TLDR: I am running a writing contest for community builders.
The judges and I are looking for reflections that achieve one of the following goals:
- Help you improve your community-building efforts (e.g., by gaining clarity on your theory of change, planning your career, or reflecting on an event/project you recently completed).
- Help others improve their community-building efforts (e.g., by sharing a strategy, lesson, or story that others would benefit from).
Note that we are especially excited about submissions that focus on longtermist community-building. However, reflections that focus on general community-building efforts and neartermist community-building efforts will also be considered.
EDIT: Submissions received by April 30, 2022 will be reviewed (note that submissions received by March 31, 2022 will be eligible for early-bird prizes). Each person (or team) can submit up to three entries.
Note that the deadline has been extended in response to feedback.
What kinds of submissions are you looking for?
Broadly, we are looking for submissions that either help you or help others improve as a community-builder.
Reflections that help you:
We understand that the prompt “write reflections that help you become more impactful” is rather broad. Here are some examples of things we’d be excited to see:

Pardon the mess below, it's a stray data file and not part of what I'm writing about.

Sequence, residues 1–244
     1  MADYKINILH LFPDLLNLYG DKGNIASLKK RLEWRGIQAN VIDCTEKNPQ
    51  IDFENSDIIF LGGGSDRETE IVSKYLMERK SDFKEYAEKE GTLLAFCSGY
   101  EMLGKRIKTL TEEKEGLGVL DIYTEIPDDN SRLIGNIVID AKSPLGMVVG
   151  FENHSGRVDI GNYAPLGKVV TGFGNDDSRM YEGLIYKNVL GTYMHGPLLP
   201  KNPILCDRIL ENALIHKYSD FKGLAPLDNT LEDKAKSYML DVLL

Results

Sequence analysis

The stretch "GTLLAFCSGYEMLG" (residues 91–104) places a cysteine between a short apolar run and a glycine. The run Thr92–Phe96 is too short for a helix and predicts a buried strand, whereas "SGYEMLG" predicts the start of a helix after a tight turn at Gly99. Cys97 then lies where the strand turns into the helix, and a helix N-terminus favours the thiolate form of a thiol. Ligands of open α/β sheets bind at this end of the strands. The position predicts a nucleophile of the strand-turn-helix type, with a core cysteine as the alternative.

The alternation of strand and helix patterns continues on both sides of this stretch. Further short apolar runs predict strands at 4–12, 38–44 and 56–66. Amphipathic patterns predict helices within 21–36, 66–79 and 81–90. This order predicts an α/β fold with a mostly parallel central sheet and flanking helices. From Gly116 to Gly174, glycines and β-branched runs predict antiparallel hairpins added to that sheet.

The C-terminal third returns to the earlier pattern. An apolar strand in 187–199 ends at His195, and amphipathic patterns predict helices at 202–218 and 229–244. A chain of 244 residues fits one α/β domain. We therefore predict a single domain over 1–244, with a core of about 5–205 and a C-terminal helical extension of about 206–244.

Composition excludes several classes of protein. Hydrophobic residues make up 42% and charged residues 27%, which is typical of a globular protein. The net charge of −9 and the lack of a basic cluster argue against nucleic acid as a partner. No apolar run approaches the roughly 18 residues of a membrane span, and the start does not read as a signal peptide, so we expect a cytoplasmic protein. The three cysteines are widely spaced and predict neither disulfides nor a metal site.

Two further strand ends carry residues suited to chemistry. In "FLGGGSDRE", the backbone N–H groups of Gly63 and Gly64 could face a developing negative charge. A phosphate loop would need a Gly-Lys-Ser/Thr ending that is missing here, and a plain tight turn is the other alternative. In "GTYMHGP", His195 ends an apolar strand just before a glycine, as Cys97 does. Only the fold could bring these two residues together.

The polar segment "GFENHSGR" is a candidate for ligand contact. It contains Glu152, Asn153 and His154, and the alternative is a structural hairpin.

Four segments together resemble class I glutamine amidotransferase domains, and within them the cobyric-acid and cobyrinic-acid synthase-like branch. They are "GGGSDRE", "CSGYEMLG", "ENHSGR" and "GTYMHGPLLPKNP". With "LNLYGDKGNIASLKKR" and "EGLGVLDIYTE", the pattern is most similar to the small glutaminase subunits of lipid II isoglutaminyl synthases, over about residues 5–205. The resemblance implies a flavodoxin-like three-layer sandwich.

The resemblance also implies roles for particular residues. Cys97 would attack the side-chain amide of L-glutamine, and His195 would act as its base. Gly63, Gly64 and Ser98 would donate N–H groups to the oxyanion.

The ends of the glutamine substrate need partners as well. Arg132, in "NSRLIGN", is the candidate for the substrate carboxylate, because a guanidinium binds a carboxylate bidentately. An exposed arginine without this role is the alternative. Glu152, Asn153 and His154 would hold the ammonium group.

- Write down your theory of change
- Reflect on a key uncertainty
- Find ways to achieve your goals more effectively
- Imagine a future version of yourself two years from now that is 10X more impactful than your present self
- Reflect on career aptitudes you’re hoping to test/develop (see also this exercise)
- Engage in structured career planning
- Take a project idea and consider if there are ways to pursue it 10X more ambitiously or 10X faster.
- Apply goal factoring (or other techniques) to help you make a decision
- Identify bugs that currently reduce your productivity.
Reflections that help others:
Experienced community builders often have access to models and strategies that could help others, but these insights often don’t get shared widely.
(Note that these are just examples– you can absolutely submit entries that use a different style. As a general rule, do whatever might help you or others become more impactful).
What are the prizes?
We will distribute up to $20,000 in prizes.
- 1st place- $3,000
- 2nd place- $2,000
- 3rd place- $1,000
- 4th and 5th place- $750 each
- Other high-quality submissions- $500 each
- Top 3 submissions received by March 31- $1000 each
If we receive more than 30 high-quality submissions, we may expand the prize pool to reward additional semifinalists.
EDIT: We will be awarding three early-bird prizes ($1000 each) to the three best submissions received by March 31.